California, here they come…

Measles, mumps, rubella, pertussis, and a host of other goodies. All courtesy of doctors like Dr. Jay and Dr. Andy (with partial credit to Dr. Bob), and laypeeps like Ms. Jenny:

California schools’ risks rise as vaccinations drop

A rising number of California parents are choosing to send their children to kindergarten without routine vaccinations, putting hundreds of elementary schools in the state at risk for outbreaks of childhood diseases eradicated in the U.S. years ago.

Exemptions from vaccines — which allow children to enroll in public and private schools without state-mandated shots — have more than doubled since 1997, according to a Times analysis of state data obtained last week.

The rise in unvaccinated children appears to be driven by affluent parents choosing not to immunize. Many do so because they fear the shots could trigger autism, a concern widely discredited in medical research…

…For generations, most children went unimmunized only if their parents couldn’t afford the shots, a problem now remedied through federal funds. A tiny percentage of children cannot be vaccinated for medical reasons.

But as parents’ fears about vaccine safety have grown, the demographics of the unvaccinated have shifted substantially. Although fewer than 2% of kindergartners at traditional public schools and Catholic schools in California had exemptions last fall, more than 4% of kindergartners at other private schools and nearly 10% of those enrolling in charter schools were exempted.

Go thee and read the whole article. I promise, it’s worth it.

California’s beautiful and I’m sure it’s an otherwise wonderful place to live, but between the earthquakes and the anti-vaxers, I think I’ll stay put in this war zone of mine 😉 .

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7 Responses

  1. Well if there’s an outbreak and the vaccines do their job for the vaccinated kids. We shouldn’t have much to worry about, right? – I still don’t want to live in California though.

    • The problem is that vaccines are rarely 100% effective. In a highly vaccinated population, the few children whose vaxes haven’t ‘taken’ are protected by herd immunity; if herd immunity is eroded, however, it’s possible even some vaxed kids will suffer. Not to mention the babies who are too young to be immunized…

  2. I don’t understand why they allow exemptions – or at least allow them to be had so easily. If it’s truly against your religion or if your child is one of the few who have a medical reason for not being able to be vaccinated – OK. But you shouldn’t be able to opt out just because.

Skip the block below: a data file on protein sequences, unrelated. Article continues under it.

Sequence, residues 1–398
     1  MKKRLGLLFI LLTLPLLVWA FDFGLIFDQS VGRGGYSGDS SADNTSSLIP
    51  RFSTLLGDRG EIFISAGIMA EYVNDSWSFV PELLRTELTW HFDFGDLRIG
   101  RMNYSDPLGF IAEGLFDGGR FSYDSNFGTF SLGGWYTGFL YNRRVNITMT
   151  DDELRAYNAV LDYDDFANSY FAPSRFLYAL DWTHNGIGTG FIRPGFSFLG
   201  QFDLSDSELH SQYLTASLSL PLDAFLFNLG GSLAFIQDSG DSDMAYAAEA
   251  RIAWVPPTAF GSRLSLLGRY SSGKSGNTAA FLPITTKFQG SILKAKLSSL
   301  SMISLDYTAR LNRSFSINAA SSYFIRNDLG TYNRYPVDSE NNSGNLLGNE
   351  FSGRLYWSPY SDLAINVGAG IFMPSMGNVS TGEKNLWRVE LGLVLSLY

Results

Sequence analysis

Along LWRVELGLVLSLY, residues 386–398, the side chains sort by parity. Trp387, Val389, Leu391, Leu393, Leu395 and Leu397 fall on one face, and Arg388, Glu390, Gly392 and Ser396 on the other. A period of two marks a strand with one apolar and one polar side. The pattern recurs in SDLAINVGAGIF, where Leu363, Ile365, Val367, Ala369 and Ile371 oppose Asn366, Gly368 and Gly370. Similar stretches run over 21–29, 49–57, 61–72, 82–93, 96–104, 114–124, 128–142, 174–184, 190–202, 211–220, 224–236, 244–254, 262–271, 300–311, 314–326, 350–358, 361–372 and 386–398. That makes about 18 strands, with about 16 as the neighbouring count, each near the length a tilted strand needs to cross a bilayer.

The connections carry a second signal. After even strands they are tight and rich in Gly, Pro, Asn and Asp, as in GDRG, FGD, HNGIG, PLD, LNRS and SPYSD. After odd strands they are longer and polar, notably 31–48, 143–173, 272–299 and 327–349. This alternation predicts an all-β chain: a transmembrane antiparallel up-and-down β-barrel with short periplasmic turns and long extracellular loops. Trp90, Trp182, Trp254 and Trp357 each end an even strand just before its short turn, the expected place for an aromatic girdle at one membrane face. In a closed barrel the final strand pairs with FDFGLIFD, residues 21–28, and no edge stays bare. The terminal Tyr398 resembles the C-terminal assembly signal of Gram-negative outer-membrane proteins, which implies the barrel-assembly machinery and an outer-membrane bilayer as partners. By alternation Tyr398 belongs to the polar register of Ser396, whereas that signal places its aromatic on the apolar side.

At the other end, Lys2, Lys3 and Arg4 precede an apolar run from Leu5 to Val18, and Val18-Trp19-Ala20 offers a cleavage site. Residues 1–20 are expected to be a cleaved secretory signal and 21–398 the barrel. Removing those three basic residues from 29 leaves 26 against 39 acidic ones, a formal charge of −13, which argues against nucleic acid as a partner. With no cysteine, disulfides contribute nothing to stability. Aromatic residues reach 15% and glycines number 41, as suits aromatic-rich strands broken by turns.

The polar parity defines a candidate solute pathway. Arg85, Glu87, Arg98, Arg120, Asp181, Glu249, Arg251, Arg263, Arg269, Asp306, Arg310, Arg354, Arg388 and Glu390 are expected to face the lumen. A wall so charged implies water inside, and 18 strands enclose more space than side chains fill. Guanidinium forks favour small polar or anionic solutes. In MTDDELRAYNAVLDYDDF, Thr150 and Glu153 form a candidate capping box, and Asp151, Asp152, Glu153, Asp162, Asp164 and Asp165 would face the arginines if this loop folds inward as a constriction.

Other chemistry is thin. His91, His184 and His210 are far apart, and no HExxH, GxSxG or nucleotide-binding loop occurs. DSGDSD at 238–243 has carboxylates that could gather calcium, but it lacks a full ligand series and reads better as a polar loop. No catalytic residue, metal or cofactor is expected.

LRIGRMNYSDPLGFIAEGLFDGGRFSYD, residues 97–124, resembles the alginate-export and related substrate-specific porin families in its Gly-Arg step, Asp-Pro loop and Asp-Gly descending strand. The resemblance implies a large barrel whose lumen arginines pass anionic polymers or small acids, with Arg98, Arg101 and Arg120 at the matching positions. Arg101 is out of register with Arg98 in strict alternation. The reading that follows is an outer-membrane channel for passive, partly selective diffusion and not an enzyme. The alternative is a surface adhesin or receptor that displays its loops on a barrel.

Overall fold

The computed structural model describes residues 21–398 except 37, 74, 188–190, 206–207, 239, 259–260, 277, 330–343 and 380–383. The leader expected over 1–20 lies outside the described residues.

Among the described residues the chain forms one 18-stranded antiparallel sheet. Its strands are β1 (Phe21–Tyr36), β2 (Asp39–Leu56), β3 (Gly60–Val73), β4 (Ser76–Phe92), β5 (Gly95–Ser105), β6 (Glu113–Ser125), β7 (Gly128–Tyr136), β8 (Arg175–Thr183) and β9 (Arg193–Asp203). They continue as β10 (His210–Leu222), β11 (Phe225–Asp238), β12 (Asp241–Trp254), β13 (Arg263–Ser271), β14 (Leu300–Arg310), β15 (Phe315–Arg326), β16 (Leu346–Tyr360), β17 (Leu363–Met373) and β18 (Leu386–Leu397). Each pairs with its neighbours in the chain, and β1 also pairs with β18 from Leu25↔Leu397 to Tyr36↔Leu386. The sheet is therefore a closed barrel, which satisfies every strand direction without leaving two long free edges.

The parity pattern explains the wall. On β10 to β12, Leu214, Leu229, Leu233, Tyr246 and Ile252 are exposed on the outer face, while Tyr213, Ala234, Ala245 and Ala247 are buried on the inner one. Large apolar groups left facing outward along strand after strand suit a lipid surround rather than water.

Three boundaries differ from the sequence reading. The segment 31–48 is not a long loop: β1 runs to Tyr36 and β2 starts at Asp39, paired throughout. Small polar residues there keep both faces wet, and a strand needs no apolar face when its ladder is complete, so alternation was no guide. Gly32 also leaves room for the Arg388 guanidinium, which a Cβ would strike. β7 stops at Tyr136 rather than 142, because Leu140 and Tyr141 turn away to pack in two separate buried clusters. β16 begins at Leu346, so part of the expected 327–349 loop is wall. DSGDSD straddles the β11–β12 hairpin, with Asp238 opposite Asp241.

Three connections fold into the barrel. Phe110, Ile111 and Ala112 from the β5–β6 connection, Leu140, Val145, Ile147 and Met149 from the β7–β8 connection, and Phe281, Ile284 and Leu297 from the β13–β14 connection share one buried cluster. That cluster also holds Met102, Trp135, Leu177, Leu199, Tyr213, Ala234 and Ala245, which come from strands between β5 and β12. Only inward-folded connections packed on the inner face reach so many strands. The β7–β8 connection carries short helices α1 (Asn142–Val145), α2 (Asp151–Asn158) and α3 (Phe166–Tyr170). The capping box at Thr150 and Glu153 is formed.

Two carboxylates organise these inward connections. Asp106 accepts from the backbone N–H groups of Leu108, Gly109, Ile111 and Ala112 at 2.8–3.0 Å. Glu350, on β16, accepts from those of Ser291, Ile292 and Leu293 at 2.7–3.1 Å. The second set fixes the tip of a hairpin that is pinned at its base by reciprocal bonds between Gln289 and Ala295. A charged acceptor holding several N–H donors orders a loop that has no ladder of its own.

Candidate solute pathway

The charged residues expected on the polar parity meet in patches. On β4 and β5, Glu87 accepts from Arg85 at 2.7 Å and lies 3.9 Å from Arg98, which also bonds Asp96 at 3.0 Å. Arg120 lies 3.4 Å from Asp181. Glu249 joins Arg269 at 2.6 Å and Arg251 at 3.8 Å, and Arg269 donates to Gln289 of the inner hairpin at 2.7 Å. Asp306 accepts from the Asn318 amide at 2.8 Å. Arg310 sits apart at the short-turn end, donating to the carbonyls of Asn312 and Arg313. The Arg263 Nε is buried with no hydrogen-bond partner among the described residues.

3. It varies by state. It’s more difficult where I am in New York since for a religious exemption you have to prove that you are a member of a faith registered with the state as one the requires that you forgo vaccination. As far as I an work out from the coded things I’ve read from people to advocate this sort of thing, in California you just have to really *really* mean it. Still even here there are people who find ways round it.

    A bigger problem for us is all the kids who are getting the MMR as separate injections, the people who follow the Sears vaccination schedule or those who just make up vaccination schedules based on who-knows-what. Most kids have to get caught up by school age – though it takes awhile for those who don’t to get busted.

    It’s a mess but not so much a mess as California.

  4. This drives me nuts. I used to cover education for a newspaper in So Cal. As it turned out, I became pregnant during that time. My OB also discovered that my immunity to rubella had worn off (my mom, who dutifully had me vaccinated as a child, was very upset to learn this, but I reassured her that it wasn’t that uncommon). As I learned more and more about people who avoided vaccinating their kids, I became worried that somehow I might be exposed to rubella via one of those families. After all, I was in and out of schools every day–and not just schools full of migrant worker’s kids who might not have current vaccinations but also upper middle class schools where some well-meaning-but-very-mistaken mommies and daddies were choosing to forego vaccination. I knew the risk was still pretty low of my actually being exposed. But what about a few years from now, when some other pregnant woman finds out she’s not immune anymore either?

  5. I’m in Los Angeles, and I looked up my school in the handy tool provided by that article and found out that it’s at a high risk for an outbreak. Great!

    At our daycare, we had to provided proof of immunization. But it alarmed me to see that the exemption slip, which allowed us to check that we had religious or medical exemptions, included an exemption that was just “personal.” I asked the woman running the office at the daycare about it, and she confirmed that yes, parents could skip out of the vaccinations for personal reasons. I was pretty unhappy about that. At the time we enrolled our son, apparently all the kids were vaccinated at the center. But there have been new kids since then.

  6. I think if your religion requires you to put your children and all of society in danger, it’s not a religion, it’s a cult.

    Adults who do not work with children or the mentally ill should be allowed religious or philosophical objections for work or school. Kids? No. Not at all. Medical exemptions only, at least for measles, rubella, meningitis, hep B, pertussis, and polio if you live in an area where it hasn’t been eradicated yet, and once the vaccine has been around longer without a recall, add HPV to the list.

    They are endangering their children and everyone around them. Why do they have the right to hurt the rest of us under freedom of religion?

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